In this regard C.’s correct but unconnected observation on Cicero’s avoidance of strict parallelism at the end of section 27 (sentence 2 on the note to “togati iudices”) strikes me as awkwardly formalistic (one wonders if Gotoff’s analysis lurks in the background).3 Yet the immediately preceding comment (sentence 1) on Cicero’s attempt to insert Archias into an esteemed line of Roman exempla both hits the mark and gives students food for thought. C. helps us to see the force of the parallel that Cicero does create: equating patriotic Romanness with the acceptance and fostering of poets (the kind of oratorical strategy that could, for the sake of engaging classroom discussion, be compared to some American politicians’ rhetorical equation of “support for the war in Iraq” with “support for America”).

The introductory material places the Pro Archia among Cicero’s most aesthetically powerful orations and stresses the speech’s championing of humanistic principles. Undoubtedly such virtues partly account for its enduring value and apparent comeback in college curricula in competition with the Catiline orations or the defense of Caelius. Yet beyond its simultaneous appeal both as and for belles-lettres the recent attention paid to this work as part of Ciceronian “self-fashioning” can lend sophistication and new direction to classroom discussions about the place of the Pro Archia in Cicero’s public career and in Roman culture more generally.4 C. economically yet sufficiently highlights the work’s social and historical contexts. He thereby helps us to read and to teach it in light of Cicero’s careful staging of his public face(s) and against the background of the Late Republic’s whirlwind years. Bringing these considerations to class can also help teachers win over the next generation of students, given the practical pressures that equate getting students into the classroom with getting resources into the department. That generation will be fortunate to begin reading the Pro Archia with this edition.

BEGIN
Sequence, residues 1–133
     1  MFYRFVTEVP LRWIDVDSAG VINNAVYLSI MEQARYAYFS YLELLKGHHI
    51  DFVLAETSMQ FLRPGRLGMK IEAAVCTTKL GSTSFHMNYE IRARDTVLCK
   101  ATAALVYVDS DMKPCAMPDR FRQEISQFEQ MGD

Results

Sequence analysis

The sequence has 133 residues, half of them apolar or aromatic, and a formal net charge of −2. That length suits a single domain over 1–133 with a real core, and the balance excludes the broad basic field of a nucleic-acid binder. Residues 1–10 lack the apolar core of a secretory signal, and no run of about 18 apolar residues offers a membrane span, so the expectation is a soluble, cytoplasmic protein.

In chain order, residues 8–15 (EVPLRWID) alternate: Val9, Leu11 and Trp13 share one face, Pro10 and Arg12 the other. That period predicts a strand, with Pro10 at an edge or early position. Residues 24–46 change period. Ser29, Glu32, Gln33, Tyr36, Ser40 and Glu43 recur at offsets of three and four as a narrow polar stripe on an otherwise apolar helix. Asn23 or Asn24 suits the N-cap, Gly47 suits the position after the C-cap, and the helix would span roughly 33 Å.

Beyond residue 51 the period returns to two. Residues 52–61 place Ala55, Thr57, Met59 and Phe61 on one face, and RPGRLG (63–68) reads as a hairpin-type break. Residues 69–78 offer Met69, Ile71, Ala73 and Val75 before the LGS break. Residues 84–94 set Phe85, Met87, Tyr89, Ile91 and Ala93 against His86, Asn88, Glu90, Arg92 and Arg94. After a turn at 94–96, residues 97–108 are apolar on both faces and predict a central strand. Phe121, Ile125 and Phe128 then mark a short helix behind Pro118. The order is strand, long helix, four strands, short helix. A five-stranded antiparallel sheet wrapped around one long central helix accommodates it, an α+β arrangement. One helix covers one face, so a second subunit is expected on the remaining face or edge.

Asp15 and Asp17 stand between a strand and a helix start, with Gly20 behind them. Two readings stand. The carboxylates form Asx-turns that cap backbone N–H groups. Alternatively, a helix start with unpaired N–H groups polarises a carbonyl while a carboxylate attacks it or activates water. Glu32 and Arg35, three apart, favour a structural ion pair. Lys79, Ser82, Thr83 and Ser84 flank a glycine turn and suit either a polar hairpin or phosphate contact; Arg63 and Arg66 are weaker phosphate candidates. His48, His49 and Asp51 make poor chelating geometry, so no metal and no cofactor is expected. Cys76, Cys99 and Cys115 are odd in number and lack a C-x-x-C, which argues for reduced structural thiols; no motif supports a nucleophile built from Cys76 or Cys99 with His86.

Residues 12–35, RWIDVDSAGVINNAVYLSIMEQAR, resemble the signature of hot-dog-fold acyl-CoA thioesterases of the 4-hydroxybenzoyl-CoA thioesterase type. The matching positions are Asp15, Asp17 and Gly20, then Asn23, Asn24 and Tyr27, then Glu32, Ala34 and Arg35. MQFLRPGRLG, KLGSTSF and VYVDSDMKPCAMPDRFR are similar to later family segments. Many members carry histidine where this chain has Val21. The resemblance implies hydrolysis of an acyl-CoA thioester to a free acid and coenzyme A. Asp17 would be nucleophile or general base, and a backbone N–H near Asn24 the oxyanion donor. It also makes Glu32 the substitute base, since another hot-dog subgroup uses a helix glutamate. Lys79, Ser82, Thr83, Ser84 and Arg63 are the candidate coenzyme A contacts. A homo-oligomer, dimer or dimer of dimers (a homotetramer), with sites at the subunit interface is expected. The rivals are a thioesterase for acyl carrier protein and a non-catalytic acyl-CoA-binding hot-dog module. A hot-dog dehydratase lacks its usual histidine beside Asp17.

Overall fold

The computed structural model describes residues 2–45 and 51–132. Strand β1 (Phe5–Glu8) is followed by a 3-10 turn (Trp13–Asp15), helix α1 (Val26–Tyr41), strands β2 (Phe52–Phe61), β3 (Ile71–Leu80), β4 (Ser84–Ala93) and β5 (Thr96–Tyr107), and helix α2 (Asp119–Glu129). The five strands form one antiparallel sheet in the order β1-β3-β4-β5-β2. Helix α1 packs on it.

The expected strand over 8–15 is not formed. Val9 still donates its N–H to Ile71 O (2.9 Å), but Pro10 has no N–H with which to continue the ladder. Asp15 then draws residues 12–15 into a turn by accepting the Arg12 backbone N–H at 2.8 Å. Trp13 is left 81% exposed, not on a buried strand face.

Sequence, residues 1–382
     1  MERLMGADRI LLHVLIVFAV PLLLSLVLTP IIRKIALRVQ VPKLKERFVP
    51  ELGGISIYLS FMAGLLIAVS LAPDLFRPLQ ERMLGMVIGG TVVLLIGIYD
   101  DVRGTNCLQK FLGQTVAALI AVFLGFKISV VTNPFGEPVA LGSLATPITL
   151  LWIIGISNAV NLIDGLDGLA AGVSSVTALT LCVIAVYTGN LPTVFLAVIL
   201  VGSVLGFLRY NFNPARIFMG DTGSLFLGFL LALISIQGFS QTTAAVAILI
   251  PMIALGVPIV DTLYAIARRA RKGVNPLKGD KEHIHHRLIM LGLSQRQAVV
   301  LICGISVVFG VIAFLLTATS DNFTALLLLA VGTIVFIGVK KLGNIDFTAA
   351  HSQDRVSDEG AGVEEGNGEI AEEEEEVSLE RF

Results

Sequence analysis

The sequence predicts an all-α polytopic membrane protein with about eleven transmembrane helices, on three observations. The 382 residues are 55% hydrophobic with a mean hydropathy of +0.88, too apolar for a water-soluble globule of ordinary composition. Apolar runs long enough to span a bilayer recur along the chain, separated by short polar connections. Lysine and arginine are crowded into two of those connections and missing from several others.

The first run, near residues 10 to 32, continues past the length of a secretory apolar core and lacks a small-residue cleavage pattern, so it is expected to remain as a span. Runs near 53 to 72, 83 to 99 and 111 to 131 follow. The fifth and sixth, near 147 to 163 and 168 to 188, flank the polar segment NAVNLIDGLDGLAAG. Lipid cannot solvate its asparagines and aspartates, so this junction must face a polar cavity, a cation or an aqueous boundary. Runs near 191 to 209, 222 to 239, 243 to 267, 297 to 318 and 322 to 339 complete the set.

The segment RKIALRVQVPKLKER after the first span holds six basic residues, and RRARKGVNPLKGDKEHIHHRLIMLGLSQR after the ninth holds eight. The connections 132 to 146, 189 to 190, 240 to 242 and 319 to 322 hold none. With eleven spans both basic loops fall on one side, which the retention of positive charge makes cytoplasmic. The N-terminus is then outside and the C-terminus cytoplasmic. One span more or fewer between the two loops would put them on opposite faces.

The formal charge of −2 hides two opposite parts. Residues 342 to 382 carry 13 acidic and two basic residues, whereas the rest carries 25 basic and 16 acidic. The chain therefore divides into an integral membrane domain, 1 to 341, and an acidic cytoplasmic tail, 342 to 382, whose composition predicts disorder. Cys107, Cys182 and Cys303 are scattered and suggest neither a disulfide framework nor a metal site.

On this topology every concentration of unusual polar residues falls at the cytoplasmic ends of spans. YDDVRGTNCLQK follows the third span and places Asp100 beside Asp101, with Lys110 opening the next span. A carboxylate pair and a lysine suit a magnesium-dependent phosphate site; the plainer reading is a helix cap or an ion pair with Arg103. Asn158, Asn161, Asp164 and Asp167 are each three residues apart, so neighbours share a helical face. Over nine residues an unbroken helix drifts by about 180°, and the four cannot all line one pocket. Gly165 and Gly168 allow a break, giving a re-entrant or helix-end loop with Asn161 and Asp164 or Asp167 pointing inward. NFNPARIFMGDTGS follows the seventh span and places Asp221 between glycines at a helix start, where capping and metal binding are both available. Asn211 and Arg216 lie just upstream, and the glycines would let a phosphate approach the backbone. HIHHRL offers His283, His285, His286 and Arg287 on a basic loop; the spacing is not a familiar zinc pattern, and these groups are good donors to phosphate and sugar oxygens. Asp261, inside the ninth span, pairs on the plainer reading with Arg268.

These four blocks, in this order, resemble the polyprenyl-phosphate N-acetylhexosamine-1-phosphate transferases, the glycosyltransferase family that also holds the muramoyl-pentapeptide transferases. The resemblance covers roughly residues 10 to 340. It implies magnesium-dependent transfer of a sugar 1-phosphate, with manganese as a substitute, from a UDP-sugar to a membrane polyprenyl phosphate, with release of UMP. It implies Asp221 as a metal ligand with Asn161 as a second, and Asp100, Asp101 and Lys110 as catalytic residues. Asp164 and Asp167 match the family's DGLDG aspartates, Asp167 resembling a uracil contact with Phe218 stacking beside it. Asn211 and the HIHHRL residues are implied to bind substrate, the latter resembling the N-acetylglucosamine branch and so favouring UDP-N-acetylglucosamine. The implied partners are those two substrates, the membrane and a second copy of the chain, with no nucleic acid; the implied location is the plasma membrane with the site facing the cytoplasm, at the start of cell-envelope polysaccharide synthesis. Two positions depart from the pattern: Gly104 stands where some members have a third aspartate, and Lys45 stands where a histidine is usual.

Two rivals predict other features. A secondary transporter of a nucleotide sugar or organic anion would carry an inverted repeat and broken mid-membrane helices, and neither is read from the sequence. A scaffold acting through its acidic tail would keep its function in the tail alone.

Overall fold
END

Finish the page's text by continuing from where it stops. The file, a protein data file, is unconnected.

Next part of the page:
1. A few problems of note (some of which have crept into the second edition): read “when in” for “when. In” (p. xviii); there are two very similar notes on “inde usque” (p. 5); the cross-reference to “199-200” (on “quae cum ita sint”) should probably read “200-203” (p. 85).

2. At the risk of waxing biographical, as a Biology major at UC Berkeley I switched camps to Classics/CompLit largely because of Brian Krostenko’s intermediate Latin course on Vergil: by drawing students’ attention to the Aeneid’s interconnection of language and theme, he gave life to the focus on Latin grammar and Vergilian hexameter.

3. Gotoff, H. C. Cicero’s Elegant Style: An Analysis of the Pro Archia, Urbana, Illinois (1979). See also C. Murgia’s detailed review of Gotoff’s book: Murgia, C. “Review Article: Analyzing Cicero’s Style”, CP 76 (1981): 301-313.

4. Especially relevant are Narducci, E. Cicerone e l’eloquenza romana, Rome and Bari (1997), and Dugan, J. Making a New Man, Oxford (2005).